Orchid Child tackles the idea that mental illness is not something to be afraid of, but something that can – if managed with love and attention – be integrated into a person’s life, in some cases even adding value to it. Teague is presented at first as a young boy with  “schizoaffective disorder with audio hallucinations and paranoid tendences”. His aunt, Kate, wants to push this side of him to the background, not acknowledging its presence. As she learns more and more about her own genealogy, she begins to understand that in order for her orchid child, Teague, to thrive, she needs to accept that he is different, and she even has to learn to embrace his “gift”. Even though in the novel schizophrenia is closely tied with what the Irish call ‘second sight’, the idea that it should be tackled with love is very interesting. Costello draws upon a study titled The Irish Study of High-Density Schizophrenia Families to underline the main idea in the novel, namely that the talent of ‘second sight’ is carried by a genetic marker and can be inherited.

“What if the rocks in the wall held on to the voices and pictures of what happened here the same way silicon chips store data? Silicon comes from quartz crystals and, duh, quartz is a rock.”

What starts out as a very science-based, reality-oriented novel, later turns into a beautifully woven almost fairy tale about love, forgiveness and the importance of honouring family and one’s roots. In this respect, the novel is very “Irish” indeed, since it continues the tradition of story-telling. Another element that I found very typical of the Irish way of thinking was this idea that land (the soil itself) has memory and it is almost inseparable from the people inhabiting it. Considering the importance given to land in Irish literature, Victoria Costello’s Orchid Child follows this tradition beautifully, honouring not only her ancestors, but also the land itself that gave life to her own family.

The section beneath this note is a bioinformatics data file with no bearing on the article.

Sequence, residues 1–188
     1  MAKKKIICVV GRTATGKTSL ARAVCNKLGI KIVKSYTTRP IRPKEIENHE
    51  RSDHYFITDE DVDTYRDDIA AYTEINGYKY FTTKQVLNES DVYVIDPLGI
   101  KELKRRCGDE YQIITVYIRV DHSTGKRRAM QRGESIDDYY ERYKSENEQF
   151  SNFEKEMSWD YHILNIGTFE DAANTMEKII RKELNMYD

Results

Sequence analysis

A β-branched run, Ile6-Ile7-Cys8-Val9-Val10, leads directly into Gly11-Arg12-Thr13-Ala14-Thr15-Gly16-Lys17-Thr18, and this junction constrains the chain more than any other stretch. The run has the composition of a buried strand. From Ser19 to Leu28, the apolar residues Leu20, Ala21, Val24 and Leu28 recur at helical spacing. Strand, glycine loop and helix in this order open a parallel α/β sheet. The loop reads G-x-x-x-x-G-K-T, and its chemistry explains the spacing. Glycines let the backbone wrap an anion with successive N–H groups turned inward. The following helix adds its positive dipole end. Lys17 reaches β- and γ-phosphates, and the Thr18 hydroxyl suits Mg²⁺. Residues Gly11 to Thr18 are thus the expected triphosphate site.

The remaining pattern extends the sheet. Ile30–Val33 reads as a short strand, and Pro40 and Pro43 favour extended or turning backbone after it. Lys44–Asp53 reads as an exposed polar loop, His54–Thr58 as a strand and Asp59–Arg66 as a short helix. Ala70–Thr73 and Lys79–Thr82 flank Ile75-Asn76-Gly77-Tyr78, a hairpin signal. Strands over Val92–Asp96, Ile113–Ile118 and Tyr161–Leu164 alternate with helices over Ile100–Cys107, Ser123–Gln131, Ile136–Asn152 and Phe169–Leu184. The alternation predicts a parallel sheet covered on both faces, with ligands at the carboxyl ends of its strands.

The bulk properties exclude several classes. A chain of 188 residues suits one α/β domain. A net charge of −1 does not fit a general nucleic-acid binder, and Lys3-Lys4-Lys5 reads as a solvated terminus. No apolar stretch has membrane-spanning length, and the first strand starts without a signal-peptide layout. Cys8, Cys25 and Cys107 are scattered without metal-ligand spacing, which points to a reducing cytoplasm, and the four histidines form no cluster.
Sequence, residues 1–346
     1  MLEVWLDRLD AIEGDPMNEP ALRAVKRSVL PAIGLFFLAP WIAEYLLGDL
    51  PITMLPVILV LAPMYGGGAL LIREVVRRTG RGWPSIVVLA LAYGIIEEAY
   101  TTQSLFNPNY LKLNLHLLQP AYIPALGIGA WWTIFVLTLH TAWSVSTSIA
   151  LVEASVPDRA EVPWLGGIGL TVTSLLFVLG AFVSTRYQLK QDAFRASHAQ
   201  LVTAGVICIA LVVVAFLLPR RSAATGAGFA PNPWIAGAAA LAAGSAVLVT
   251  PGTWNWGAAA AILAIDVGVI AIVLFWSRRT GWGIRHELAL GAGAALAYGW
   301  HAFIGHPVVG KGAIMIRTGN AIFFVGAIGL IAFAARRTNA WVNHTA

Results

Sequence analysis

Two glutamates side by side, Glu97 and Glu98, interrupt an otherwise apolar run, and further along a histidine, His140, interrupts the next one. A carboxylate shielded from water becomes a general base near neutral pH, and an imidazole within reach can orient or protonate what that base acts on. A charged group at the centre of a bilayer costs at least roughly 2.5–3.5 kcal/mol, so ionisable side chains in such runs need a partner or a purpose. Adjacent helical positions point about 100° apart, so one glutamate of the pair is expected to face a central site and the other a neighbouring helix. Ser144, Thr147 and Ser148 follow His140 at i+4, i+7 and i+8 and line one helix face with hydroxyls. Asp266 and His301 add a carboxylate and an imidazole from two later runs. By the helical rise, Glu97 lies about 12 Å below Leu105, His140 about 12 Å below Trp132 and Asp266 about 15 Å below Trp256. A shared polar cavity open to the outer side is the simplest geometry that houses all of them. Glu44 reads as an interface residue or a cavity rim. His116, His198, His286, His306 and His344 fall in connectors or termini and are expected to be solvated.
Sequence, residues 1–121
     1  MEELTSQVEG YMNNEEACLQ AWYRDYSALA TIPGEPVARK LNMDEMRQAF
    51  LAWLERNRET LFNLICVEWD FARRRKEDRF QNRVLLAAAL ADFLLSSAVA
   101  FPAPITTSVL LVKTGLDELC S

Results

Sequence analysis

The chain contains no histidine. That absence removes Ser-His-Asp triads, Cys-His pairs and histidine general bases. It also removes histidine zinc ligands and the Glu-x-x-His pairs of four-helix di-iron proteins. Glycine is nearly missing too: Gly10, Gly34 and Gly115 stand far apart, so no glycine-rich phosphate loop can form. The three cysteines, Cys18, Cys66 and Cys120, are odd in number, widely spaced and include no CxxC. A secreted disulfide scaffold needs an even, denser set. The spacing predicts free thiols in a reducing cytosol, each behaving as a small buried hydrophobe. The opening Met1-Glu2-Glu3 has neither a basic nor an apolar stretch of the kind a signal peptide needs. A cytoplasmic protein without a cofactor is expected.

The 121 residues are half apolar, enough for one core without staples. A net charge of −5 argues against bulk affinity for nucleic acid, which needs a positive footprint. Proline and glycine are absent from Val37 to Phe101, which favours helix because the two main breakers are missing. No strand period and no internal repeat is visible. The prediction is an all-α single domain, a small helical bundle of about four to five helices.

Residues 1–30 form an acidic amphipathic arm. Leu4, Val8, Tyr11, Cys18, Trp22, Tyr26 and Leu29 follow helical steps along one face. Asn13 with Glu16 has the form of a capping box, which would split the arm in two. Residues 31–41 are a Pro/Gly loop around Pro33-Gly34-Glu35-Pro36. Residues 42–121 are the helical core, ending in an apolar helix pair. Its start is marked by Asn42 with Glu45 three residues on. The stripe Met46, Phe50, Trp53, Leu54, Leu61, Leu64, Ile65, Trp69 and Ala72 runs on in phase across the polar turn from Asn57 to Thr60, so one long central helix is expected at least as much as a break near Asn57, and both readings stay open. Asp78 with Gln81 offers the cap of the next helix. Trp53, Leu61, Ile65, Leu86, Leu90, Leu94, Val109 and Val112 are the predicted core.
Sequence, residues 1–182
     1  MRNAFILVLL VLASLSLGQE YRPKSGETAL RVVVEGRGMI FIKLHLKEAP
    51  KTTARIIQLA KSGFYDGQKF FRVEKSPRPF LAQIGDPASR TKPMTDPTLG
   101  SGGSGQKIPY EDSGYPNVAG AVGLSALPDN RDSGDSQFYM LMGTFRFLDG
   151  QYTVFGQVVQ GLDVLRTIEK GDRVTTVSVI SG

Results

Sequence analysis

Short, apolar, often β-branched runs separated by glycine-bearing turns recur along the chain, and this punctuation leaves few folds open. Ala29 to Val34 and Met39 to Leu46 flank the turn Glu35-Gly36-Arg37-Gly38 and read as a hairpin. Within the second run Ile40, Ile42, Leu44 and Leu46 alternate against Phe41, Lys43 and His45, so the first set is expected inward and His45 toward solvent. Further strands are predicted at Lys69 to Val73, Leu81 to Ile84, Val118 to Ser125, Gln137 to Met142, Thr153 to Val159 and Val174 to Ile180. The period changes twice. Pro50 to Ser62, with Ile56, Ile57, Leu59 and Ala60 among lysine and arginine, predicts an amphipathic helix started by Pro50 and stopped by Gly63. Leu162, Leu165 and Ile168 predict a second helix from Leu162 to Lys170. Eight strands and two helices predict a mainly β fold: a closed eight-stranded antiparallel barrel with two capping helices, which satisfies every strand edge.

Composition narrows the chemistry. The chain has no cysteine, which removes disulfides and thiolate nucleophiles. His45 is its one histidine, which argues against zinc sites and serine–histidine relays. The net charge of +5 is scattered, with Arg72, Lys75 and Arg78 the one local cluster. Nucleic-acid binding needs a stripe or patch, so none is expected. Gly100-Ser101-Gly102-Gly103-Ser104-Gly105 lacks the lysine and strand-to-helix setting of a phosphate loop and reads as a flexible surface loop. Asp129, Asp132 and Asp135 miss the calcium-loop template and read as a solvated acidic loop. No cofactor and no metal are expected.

“Their actions should have been enough for Ellen to part ways with the Republican cause forever. But she was no fool. She blamed the English for twelve hundred years of subjugation of her people and for turning brother against brother. She’d never pledged her allegiance to any particular army or political party. Her loyalty belonged to the land and her ancestors buried there.”

All in all, the novel was super fast paced and interesting with many unexpected turns of events. The only thing, really, that I found lacking was the fact that some of the characters were not developed well enough, in my opinion. Teague, for example, was mostly characterized by his mental illness and there were very few instances where some of his other character traits were brought to light. He is the orchid child, the child who, despite being very sensitive to the stressors in his environment, is able to thrive if given enough love and attention. This is why I feel like I would have loved to learn even more about him and his other relationships (with his mother, father and grandmother, to name a few).